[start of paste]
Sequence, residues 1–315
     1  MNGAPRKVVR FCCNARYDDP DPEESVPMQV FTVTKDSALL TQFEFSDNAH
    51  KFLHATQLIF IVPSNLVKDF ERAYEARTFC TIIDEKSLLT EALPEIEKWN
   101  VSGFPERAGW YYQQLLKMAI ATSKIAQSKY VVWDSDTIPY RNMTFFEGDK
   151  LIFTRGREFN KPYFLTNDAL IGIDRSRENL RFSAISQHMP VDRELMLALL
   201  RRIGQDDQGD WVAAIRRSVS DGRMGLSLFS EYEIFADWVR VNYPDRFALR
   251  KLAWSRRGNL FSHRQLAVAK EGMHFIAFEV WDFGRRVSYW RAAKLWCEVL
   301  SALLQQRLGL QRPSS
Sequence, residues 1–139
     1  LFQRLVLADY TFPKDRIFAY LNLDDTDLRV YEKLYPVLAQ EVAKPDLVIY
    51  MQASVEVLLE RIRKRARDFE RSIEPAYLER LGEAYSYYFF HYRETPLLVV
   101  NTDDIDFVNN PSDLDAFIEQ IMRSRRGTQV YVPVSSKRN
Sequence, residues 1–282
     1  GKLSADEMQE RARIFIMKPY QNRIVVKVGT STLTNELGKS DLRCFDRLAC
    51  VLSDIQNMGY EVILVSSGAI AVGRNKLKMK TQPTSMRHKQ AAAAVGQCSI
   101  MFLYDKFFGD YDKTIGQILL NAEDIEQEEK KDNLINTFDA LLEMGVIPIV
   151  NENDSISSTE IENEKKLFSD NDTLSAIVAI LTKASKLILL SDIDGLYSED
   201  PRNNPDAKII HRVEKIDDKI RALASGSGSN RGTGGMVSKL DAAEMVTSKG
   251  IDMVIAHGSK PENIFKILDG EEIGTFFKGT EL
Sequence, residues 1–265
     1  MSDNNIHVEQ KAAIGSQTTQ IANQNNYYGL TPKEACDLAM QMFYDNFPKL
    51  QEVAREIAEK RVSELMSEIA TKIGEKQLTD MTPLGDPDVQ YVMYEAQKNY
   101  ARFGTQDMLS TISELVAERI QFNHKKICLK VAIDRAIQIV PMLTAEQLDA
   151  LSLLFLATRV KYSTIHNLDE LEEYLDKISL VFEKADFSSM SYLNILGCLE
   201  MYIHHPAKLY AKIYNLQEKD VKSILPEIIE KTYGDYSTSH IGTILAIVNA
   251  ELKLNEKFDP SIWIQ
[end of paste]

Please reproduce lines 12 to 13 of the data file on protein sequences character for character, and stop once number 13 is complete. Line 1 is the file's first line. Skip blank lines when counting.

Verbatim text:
   101  NTDDIDFVNN PSDLDAFIEQ IMRSRRGTQV YVPVSSKRN
Sequence, residues 1–282